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From: moni...@sco.com (Monika Laud)
Subject: UNIX Unbound!
Date: 1996/08/22
Message-ID: <m0utUQp-0008tlC@beta.celestial.com>
X-Deja-AN: 175777587
sender: ed...@xenitec.on.ca (Ed Hew)
organization: XeniTec Consulting Services, Kitchener, ON, Canada
followup-to: comp.unix.sco.misc
newsgroups: comp.unix.sco.announce


FOR IMMEDIATE RELEASE

CONTACT: 

Monika Laud
SCO
TEL: 408/427-7421
FAX: 408/427-5448
moni...@sco.com 

UNIX UNBOUND!

SCO Provides FREE UNIX System Licenses To Students, Educators and UNIX
Enthusiasts Around The World

SCO Forum96, Santa Cruz, CA (August 19, 1996) -- In a move that empowers
students, educators and UNIX system enthusiasts with free access to the
worlds most popular business computing environment, SCO today announced
plans to provide a free license to use its popular UNIX systems,
including SCO OpenServer and SCO UnixWare, to anyone in the world who
wants to use them for educational and non-commercial use to enable the
evaluation and understanding of UNIX systems.  The bold move has
far-reaching implications for the future of the UNIX platform and marks
the stunning public debut of SCOs stewardship of the UNIX system.  It
also represents the first time in more than 20 years that the owner of
UNIX technology has provided the operating system free of charge to the
public.

Alok Mohan, SCOs president and CEO, said, "This is only the second time
in UNIXs 25-year history that the owner of the technology has made this
offer.  The last time this happened, a $60-billion-dollar industry was
born."  The UNIX system was in its infancy when AT&T Bell Labs gave it
away for free to colleges and universities to help with research and
development projects.  Soon, thousands of students were learning to
program on UNIX systems.  After graduation, they took that knowledge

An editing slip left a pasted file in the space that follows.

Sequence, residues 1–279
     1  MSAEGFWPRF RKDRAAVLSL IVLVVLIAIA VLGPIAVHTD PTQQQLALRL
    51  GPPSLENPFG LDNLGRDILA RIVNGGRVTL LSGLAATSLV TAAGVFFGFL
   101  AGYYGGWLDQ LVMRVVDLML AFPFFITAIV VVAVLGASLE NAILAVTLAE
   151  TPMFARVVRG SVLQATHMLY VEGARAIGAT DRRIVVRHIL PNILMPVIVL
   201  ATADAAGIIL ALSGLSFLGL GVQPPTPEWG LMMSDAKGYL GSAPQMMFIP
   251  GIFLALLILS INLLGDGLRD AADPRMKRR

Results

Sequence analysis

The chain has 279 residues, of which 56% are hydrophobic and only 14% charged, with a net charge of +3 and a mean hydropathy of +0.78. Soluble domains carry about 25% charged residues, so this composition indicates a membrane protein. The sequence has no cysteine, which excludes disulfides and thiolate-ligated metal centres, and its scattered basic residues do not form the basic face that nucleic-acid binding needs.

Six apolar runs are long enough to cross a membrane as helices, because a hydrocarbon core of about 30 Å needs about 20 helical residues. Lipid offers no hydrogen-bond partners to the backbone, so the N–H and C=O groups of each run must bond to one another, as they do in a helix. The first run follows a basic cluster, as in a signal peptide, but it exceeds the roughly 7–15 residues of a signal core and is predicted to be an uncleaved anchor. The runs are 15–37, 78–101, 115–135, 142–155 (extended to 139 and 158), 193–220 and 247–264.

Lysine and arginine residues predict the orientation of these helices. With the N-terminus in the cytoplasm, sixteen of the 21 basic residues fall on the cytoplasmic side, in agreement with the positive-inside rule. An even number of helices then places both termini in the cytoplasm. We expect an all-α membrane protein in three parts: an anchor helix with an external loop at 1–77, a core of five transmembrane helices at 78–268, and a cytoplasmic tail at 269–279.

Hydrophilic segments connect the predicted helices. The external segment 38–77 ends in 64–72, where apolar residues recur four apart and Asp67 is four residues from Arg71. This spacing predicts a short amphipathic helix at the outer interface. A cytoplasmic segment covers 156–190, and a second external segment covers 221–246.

into the corporate world, building a $60-billion-dollar industry.  The
legacy of AT&Ts gift to universities includes the Internet, the World
Wide Web, multiprocessing, and much more.  Today, the UNIX system is the
software engine that processes trillions of dollars of business
transactions around the world.

"SCO believes it is time to return the favor," said Mohan, "and deliver
the result of more than 20 years of technical innovation back to
educators and students worldwide.  With the explosive growth of the
Internet and the breadth of development tools for UNIX systems available
today, one can only imagine what this new generation will do with this
open operating system platform."

What the Students Will Get

The availability of free UNIX system licenses begins with SCO OpenServer
license, followed closely by a free SCO UnixWare license.  The initial
availability of a free SCO OpenServer license provides UNIX system
enthusiasts with access to a high-end, commercial quality UNIX product
that would normally be out of reach due to price constraints.  Students,
as well as professionals who use the UNIX system at work, now have an
affordable means of running the UNIX platform at home, enabling them to
create a home BBS or web site.

Whats In Free SCO OpenServer?